Fleming Rutledge on Easter


BOB ABERNETHY, anchor: According to a recent survey by the Pew Research Center, an overwhelming number of Americans — 83 percent — believe that Jesus rose from the dead. This Easter season, Mel Gibson’s controversial movie THE PASSION OF THE CHRIST has provoked unprecedented national conversation about the crucifixion. But some Christian theologians believe those conversations have not gone far enough. Kim Lawton sat down with prominent author and Episcopal priest Fleming Rutledge to reflect on crucifixion and resurrection.

KIM LAWTON: The styles and traditions may vary, but on Easter Sunday, all Christians celebrate a central tenet of their faith: that Jesus Christ was crucified and three days later, he rose again. The story may be 2,000 years old, but Christians believe it still has meaning today.

Reverend FLEMING RUTLEDGE: Jesus is alive. There’s never a possibility of the event fading into the mists of the past because this is about a living God who acts and speaks in our own time and will continue to do so.

post01-rutledge-easterLAWTON: Over the centuries, the story of Jesus’ crucifixion and resurrection has been told, and retold, through art, music, and drama. And public interest hasn’t waned.

(To Rev. Rutledge): What is it about the story that still intrigues us?

Rev. RUTLEDGE: If you’re not a believer, it’s a cultural phenomenon of some sort. It’s related to the history of art and the history of warfare. But if one is a believer, then this is the story that never dies, because this is the story of God’s decisive, once-for-all intervention, on behalf of his creation, to save it.

LAWTON: Fleming Rutledge was one of the first women to be ordained in the U.S. Episcopal Church, and she has been called one of America’s best preachers. A popular Holy Week speaker, she has written widely about crucifixion and resurrection themes. She says visual depictions such as Mel Gibson’s THE PASSION OF THE CHRIST cannot convey the full Easter story.

Rev. RUTLEDGE: The meaning of the cross can’t be found in looking at the beating and the flaying and the nailing. The meaning can only be grasped through very deep engagement with the various portions of Scripture where this is proclaimed. It is the word, the words, the message that brings life.

post02-rutledge-easterLAWTON: In Gibson’s depiction, virtually the entire film focuses on the crucifixion and the violence leading up to it; only a few seconds at the end are devoted to the resurrection.

(To Rev. Rutledge): Can the crucifixion be understood apart from the resurrection?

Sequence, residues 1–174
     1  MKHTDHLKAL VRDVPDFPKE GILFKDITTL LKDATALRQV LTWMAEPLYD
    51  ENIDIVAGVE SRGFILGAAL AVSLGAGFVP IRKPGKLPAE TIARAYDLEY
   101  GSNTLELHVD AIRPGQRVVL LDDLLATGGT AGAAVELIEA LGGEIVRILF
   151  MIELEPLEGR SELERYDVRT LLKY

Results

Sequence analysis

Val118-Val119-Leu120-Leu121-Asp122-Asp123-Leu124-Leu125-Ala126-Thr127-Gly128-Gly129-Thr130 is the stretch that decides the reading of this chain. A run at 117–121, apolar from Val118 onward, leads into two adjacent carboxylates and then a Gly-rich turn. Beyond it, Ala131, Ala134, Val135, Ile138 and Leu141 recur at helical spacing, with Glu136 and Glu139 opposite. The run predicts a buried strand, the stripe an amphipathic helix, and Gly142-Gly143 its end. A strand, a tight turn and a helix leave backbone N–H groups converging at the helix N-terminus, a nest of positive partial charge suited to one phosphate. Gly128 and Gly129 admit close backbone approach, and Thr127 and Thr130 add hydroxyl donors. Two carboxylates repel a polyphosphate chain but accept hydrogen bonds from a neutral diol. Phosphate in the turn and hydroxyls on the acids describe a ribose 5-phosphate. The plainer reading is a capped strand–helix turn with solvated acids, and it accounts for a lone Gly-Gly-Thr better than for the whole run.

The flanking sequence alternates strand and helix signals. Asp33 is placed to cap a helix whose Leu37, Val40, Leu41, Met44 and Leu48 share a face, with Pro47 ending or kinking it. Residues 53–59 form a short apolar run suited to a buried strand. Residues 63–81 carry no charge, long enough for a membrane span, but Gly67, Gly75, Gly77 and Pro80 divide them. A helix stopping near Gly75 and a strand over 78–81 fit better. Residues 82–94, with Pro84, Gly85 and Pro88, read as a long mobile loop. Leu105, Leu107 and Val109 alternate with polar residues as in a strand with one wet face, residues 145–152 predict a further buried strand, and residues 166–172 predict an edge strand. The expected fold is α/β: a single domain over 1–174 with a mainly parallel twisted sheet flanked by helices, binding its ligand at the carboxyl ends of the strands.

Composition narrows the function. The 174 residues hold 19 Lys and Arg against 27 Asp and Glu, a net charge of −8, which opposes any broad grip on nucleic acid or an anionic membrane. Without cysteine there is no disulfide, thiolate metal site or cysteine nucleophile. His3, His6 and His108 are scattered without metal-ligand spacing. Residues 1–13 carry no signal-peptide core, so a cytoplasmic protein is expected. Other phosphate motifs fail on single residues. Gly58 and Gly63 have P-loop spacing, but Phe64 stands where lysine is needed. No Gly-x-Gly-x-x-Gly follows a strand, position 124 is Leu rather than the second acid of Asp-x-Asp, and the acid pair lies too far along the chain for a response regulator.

Rev. RUTLEDGE: The crucifixion and the resurrection were a single event. The incredible discrepancy between the horrible obscenity of the crucifixion and the glory of the resurrection is very important. It’s that contrast that gives the story such power. Otherwise it’s just another story about a dying and rising god. There are zillions of those. But this is a story about a historical event that was then reversed.

LAWTON: Differing streams of Christianity have at times placed more emphasis on one over the other. Theologians have criticized many Protestants, and particularly Evangelicals, for jumping too quickly to the happy ending of Easter without first meditating on the grief and horror of Good Friday.

Rev. RUTLEDGE: That is what makes Easter Day what it is. Easter Day was not just a bursting forth of a dead person from the tomb. Easter Day was the overcoming of absolute nihilism, absolute total dehumanization, degradation.

post03-rutledge-easterLAWTON: Other Christians may concentrate on the suffering of the crucifixion without remembering the rest of the story. But Fleming Rutledge says the resurrection vindicates the crucifixion.

Rev. RUTLEDGE: No one would be interested in the crucifixion if it weren’t for the resurrection. We wouldn’t even know that there had ever been such a person as Jesus of Nazareth, if he had not been raised from the dead. That is my view. We don’t know the names of any other crucified victims in history. Something happened. Exactly what it was is a matter of dispute, but something tremendous and unpredictable and unforeseen and unprecedented happened. And it was a victory over sin and death.

LAWTON: Rutledge has preached Holy Week sermons for nearly 25 years. She’s keenly aware of the need to come up with something fresh to say every time. But she says she rarely finds herself at a loss.

Rev. RUTLEDGE: One of my deepest convictions is that the Scripture is ever renewing, and that’s one of the aspects of Christianity that not everybody fully understands. Scripture, the Holy Bible — one doesn’t need to be a fundamentalist at all to understand how there is life that flows from it, new, every day. The challenge is communicating it in a fresh way, so that the old story becomes the new story and people begin to be aware of it: “This is my story, too.”

LAWTON: And once again this year, Christians are indeed celebrating that story as their own.

I’m Kim Lawton in Rye Brook, New York.